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BIOL 130
Heidi Engelhardt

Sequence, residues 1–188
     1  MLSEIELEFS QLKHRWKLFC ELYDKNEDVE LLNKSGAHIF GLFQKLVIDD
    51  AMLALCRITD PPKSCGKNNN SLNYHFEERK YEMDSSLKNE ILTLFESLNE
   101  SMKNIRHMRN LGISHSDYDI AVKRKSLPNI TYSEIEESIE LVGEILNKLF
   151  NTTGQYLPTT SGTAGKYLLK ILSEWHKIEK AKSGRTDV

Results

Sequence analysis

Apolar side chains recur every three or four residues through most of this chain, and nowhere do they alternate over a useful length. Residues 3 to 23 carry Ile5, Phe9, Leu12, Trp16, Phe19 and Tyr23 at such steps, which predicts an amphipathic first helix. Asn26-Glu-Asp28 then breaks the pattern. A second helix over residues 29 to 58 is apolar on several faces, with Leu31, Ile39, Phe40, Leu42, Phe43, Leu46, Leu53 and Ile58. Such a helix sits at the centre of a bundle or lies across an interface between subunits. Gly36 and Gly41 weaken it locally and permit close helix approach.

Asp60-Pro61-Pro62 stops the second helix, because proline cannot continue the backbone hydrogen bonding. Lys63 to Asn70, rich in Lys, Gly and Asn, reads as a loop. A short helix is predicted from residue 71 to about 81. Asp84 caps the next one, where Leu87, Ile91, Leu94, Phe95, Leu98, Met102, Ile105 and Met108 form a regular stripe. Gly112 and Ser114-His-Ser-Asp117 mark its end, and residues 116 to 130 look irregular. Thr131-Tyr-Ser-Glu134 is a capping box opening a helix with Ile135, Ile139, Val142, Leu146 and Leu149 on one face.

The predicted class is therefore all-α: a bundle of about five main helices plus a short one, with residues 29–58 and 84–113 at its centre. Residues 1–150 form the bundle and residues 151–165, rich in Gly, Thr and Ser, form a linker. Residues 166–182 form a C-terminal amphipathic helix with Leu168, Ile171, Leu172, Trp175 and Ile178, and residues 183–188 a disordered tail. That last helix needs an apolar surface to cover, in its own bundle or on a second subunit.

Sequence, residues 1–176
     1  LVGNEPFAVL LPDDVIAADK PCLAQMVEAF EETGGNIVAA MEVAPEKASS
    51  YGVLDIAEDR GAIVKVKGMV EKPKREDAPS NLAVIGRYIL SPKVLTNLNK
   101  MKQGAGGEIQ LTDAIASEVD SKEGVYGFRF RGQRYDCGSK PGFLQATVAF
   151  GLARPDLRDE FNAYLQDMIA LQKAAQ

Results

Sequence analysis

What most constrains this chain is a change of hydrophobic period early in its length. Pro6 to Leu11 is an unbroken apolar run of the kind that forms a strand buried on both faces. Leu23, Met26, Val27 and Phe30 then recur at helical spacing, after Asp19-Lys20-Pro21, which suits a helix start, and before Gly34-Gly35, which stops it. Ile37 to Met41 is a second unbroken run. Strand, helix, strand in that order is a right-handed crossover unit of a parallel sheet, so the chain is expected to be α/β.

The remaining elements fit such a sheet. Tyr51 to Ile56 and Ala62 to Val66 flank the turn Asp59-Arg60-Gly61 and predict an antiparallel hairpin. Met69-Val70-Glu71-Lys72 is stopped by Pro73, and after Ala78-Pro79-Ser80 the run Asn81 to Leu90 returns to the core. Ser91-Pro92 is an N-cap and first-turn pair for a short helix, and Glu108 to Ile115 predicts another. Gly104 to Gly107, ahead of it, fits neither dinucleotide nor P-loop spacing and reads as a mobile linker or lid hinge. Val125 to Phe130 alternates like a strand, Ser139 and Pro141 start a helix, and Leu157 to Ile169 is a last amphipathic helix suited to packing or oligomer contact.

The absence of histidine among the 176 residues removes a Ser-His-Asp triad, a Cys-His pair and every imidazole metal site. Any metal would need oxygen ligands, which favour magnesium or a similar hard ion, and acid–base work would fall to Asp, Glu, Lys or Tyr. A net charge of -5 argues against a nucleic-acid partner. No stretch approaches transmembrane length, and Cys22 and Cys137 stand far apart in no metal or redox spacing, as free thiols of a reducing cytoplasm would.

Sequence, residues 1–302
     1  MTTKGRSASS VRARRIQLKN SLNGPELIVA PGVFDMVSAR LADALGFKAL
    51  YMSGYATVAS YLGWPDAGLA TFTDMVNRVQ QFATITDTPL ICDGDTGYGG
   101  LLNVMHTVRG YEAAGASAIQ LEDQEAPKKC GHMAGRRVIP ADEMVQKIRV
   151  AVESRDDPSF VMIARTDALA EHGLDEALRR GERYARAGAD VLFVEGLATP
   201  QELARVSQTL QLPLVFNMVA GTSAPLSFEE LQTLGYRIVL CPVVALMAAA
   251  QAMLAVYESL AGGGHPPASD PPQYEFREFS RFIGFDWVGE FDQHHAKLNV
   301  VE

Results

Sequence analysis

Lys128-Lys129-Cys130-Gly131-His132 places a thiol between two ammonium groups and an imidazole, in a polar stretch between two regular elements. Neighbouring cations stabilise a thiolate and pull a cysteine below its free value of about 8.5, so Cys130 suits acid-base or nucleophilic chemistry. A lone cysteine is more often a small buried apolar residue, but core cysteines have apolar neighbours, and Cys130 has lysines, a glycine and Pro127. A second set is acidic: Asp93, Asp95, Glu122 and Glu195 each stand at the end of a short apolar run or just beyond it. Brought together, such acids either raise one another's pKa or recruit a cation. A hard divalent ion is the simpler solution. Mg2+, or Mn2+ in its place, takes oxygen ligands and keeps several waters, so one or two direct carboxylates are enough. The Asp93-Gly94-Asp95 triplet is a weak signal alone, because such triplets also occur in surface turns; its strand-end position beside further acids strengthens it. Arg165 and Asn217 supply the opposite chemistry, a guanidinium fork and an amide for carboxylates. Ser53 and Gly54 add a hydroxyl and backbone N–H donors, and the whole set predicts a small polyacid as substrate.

Thermodynamics: relationship b/w forms of energy and heat - 1st law of thermodynamics: energy can be transferred and transformed, but not destroyed or created nd - 2 law of thermodynamics: energy tends to spontaneously disperse, from being ordered to disordered -> disorder=entropy, the disorder of the universe can only increase Energy: capacity to do work Potential energy: stored in bonds (location), top of hill (location) *formation of bonds is favorable, energy required to break bonds* *breaking old bonds to form new bonds that require less energy can free the energy from the old bonds since the energy required to break the old bonds is less than the energy released* Reactions occurring in an isolated cell of constant volume and temp. can cause disorder in 2 ways: - changes in bond energy in reacting molecules can realease heat, disordering the environment - molecules can be broken to increase entropy in the cell, or by disrupting interaction that prevents bond rotation Exergonic reactions: Products are less ordered than reactants and have lower potential energy. Heat released. Endergonic: Products more ordered than reactants, higher potential energy, heat absorbed. Gibbs free energy: - predicts spontaneity of rxns (can occur w/o the addition of external energy) - DOES NOT predict reactions rates - predicts chemical equilibria - provides basis for coupled rxns -> allows energetically unfavorable rxns to occur - reaction is spontaneous if g is negative (ie. Products have lower energy than reactants -> rxn is favorable and occurs alone) -g= exergonic, +g=endergonic -standard free energy is free energy under certain conditions (ie. 1M concentration reactants) - biologically, require non favorable reactions to occur to produce more complex molecules from simpler ones (ie. H2O, CO2 -> atp) so, we couple more favorable reactions together. Overall free energy is sum of coupled rxns. (ie. Glucose + fructose -> sucrose driven by atp -> adp, 5.5 kcal+ (-7.3 kcal) = -1.8 kcal) -Rates of spontaneous rxns depend on how fast molecules are moving (temp.), how crowded they are (concentration), bc the right molecules’ bonds must break before a new one forms (the right molecules must collide) -> we need a biological system to make rxns occur quicker under physiological conditions of ph, temp, concentration. - enzymes catalyze (control speed of) favorable rxns (spontaneous) Rxns require a “push” to get started (activation energy) (ie. Making new bonds may first require breaking/weakening of existing bonds) Enzymes are biological catalysts (catalysts change rate of rxn but is not consumed, ie. 1 molecule of carbonic anhydrase in red blood cells can catalyze 1 million+ rxns per sec!) Enzymes bind substrate(reactants) to its active site w/ non-covalent bonds (allows for perfect position for interaction), activation energy lowered, enzyme changes shape, products are released and enzyme reverts to original shape. *specific enzyme for each reaction (lock and key model), energy lvl of products is different than substrates -> reduces affinity for active site Enzymes need to bind cofactors to help catalyze rxns -> non-protein (ie. Metal ions, coenzymes -> organic molecules * many vitamins are parts of coenzymes) *coenzymes are changed during rxn, must be regenerated to complete catalytic cycle Enzyme activity must be regulated based on the needs of the cell -> regulatory molecules bind to an enzyme and changes its reactivity (inhibitors decrease activity, activators increase activity) Two types of regulation: allosteric and competitive Competitive inhibitor: competes with substrate to bind to enzyme’s active site, can be overcome by increasing substrate concentration Non-competitive inhibitor: Binds to allosteric site on enzyme, changes its shape, substrate can no longer be catalyzed by the enzyme (allosteric activation) *Allosteric inhibition changes shape and allows reaction to proceed Regulation of enzyme activity can be result of covalent modification of enzyme by functional group (ie. Phosphorylation at –OH containing side chains) (STUDY FURTHER) Examples of enzyme inhibitors: • many environmental toxins work by inhibiting enzymes • DDT, many other pesticides inhibit key enzymes in nervous system • penicillin irreversibly inhibits an enzyme in the synthesis of the bacterial cell wall (transpeptidases) • blocks active site of enzyme bacteria need to make their cell walls • HIV produces an enzyme (protease) which is required for the activation of other viral proteins • inhibitor of this protease is a potent drug against AIDS last but not least: • selective inhibition and activation of enzymes by molecules naturally present in the cell are essential mechanisms for metabolic control - need to be reversible Cellular Respiration - Cells obtain energy from carbs (sugar) by oxidizing it to CO2 and H2O, energy is transported and stored in activated carrier molecules (ATP and NADH, contain one or more high energy content bonds) for later use ATP- phosphate group carried in high energy linkage NADH, NADPH, FADH2- electrons and hydrogens carried in high energy linkage Acetyl CoA- Acetyl group carried in high energy linkage Unactivated carrier molecules readily accept a hydride atom (H-, 2 electrons and a proton) and donate it. (NAD+, FAD, NADP+) ****As glucose is oxidized, carrier molecules are reduced and thus, store energy for later use*** Catabolism: breakdown of complex molecul
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